All too often, bands sound their best in the studio. They bring in super pickers to augment or replace regular band members and rely on technology and a great engineer to deliver a sound they can’t possibly replicate on the stage. The result often leaves fans wanting more at live shows.
Other times, the opposite letdown occurs. Fans hear a great band jamming out at a festival and rush to the merch table, only to be disappointed by a studio project that falls short of the intensity, emotion and immediacy of the life performance.
After listening to Let It Go, on CD or at a show, it’s unlikely anyone will have either complaint about the Infamous Stringdusters, especially those who are fans of jam bands or music that pushes the boundaries of bluegrass.
Pushing the envelope is nothing new for the ‘Dusters. They’ve been doing it regularly for years. Fans of previous efforts and the live shows – the Jamily, as the band calls them – will find plenty to like here, including the now-familiar instrumental virtuosity that cuts through from start to finish and the extensive breaks that lend a distinctive 1970s-era country rock vibe to the songs. (I still think they owe a lot to Firefall, with the flute replaced by scorching fiddle and banjo work. I first made this point about the Stringdusters’ 2012 CD, Silver Sky, and I find the comparison even stronger now. I mean that in the best way possible.)
>And traditionalists who haven’t embraced the band’s recent efforts? Ignore this record at your own peril. It grew on me after several close listens, largely because of the strength of the songwriting. There is more introspection here than on the band’s earlier offerings, nudging the listener into his or her own reflection and reexamination. It’s a rare song that can do that, usually. Here there are a bunch.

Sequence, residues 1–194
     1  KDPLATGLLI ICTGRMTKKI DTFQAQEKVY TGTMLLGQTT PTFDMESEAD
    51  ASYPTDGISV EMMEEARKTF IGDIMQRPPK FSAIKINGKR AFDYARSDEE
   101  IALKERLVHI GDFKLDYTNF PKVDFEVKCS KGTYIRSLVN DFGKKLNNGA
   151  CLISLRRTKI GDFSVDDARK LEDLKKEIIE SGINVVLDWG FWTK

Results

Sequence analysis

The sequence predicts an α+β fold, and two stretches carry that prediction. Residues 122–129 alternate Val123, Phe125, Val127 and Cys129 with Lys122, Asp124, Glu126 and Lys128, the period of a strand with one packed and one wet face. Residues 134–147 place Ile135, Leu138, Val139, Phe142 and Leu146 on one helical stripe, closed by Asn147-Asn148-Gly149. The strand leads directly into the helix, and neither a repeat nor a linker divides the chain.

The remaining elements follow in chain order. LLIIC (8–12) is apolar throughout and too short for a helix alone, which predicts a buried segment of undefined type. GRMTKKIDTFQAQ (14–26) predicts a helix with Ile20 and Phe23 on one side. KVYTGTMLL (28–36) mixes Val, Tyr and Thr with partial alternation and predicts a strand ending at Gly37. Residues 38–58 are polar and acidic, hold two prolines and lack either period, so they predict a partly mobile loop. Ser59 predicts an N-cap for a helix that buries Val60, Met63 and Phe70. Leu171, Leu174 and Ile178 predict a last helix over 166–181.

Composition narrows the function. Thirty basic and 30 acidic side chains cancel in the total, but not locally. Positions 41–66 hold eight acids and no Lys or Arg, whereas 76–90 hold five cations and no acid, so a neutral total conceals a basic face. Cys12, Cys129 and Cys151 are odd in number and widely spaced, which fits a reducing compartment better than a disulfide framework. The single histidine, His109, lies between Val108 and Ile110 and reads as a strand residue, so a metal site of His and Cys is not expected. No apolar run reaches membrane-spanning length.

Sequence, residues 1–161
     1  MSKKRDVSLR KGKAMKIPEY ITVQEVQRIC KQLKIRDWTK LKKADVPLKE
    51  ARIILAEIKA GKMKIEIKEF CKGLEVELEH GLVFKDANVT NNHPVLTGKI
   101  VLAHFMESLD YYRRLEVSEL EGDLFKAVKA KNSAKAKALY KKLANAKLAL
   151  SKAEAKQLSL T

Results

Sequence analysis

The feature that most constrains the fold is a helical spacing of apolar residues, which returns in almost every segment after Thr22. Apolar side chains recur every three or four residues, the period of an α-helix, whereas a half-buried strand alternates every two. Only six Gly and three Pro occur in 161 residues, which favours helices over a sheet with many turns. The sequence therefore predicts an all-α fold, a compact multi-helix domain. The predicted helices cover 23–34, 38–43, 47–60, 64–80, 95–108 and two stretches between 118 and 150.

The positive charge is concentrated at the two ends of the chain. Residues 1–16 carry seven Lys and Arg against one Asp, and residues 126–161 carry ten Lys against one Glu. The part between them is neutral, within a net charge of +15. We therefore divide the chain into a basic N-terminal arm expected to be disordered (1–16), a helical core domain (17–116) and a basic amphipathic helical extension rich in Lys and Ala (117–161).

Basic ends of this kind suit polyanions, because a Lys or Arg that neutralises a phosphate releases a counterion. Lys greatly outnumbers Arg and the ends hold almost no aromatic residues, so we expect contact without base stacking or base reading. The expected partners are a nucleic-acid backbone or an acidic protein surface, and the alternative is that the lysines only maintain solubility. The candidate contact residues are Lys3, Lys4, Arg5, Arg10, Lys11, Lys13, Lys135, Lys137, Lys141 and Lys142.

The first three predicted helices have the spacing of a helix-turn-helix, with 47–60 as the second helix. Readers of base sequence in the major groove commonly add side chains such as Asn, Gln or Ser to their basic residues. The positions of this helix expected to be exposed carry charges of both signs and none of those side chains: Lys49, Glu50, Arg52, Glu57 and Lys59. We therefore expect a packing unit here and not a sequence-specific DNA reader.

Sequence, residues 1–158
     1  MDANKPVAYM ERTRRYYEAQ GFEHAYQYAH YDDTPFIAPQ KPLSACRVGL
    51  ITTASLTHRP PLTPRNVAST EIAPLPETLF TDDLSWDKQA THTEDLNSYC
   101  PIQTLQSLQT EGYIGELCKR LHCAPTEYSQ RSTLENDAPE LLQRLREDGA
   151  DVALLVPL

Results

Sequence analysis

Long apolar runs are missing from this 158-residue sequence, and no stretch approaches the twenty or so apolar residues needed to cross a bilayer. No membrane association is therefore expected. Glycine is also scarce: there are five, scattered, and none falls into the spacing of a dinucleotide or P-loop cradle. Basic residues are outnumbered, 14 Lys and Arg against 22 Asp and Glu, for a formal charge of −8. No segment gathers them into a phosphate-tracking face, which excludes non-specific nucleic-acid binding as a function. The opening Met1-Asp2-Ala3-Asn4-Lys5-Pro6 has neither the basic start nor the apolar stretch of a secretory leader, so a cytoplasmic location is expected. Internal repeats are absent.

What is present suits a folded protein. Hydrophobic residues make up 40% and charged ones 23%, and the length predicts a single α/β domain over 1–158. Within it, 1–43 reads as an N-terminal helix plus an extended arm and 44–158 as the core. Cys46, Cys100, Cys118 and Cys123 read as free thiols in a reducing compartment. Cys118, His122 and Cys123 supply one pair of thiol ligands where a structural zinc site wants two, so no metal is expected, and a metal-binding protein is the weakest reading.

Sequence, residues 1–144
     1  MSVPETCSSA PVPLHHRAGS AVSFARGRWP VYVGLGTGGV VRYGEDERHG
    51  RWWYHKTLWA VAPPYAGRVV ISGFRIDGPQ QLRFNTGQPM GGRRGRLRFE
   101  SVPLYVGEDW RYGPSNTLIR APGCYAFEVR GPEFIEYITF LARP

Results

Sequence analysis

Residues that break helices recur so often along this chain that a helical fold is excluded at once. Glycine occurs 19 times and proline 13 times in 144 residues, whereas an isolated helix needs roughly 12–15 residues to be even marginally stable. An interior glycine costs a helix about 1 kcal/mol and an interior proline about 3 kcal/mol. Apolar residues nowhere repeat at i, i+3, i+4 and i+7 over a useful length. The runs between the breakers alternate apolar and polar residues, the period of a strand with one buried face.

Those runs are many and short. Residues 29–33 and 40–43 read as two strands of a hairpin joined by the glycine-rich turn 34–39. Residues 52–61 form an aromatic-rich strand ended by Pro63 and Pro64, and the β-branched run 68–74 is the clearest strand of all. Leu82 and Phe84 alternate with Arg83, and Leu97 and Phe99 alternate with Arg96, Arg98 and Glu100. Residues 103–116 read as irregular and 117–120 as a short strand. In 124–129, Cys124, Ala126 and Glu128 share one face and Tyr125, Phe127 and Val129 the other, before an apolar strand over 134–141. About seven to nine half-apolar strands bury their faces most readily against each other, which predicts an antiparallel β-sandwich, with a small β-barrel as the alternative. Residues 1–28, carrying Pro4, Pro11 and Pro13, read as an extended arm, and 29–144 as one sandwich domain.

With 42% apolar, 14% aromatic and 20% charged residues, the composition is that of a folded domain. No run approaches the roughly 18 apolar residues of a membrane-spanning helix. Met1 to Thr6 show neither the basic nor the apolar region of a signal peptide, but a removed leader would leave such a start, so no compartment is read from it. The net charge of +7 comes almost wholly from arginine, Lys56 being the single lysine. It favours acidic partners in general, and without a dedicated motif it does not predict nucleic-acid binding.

The cream of the crop is Where the Rivers Run Cold, with lyrics by Jeremy Garrett and Jon Weisberger. Thinking about the legacy you’ll leave behind is something we all do from time to time. Here, though, the message is that the job isn’t finished as long as you’re on this side of the grass:
“If I look like I’m weary,
it’s only for now.
I’ll get my rest in the ground.
There’s a lot left to do
in the time that remains,
before my last sun comes around.”
The same sentiment is found in another terrific song, Peace of Mind, with lyrics by Andy Falco:
“If I wrote about my life,
I’d write it now and not think twice,
Leave it in an open book,
Hope someday they’ll take a look.
Let ‘em know I did my best
before they laid me down to rest.”
There’s longing for days gone by – “remember when we were young and hate was only fleeting” from Travis Book’s Summercamp, and dreams of better days ahead – “I keep reaching for that rainbow” from Andy Falco’s Rainbow. And there’s a sentiment that rings true for many of us bluegrassers who have to work outside music to pay the bills: “So you can have those old, gray city streets. I wanna loosen up my tie and breathe” (Colorado, with lyrics by Garrett and Josh Shilling).
The Stringdusters have successfully plotted their own course, beyond bluegrass but not divorced from it. They’ve demonstrated that taking a chance and chasing a dream can pay off. And, as they remind us on the title cut, another Garrett and Weisberger collaboration, if today’s dream doesn’t pan out, we’ll get another opportunity – if we’re willing to take it:
“If the path that you’ve been makin’
Ain’t the one you wanna be takin’…
Take a chance and let it go.”
This one is definitely worth taking a chance on.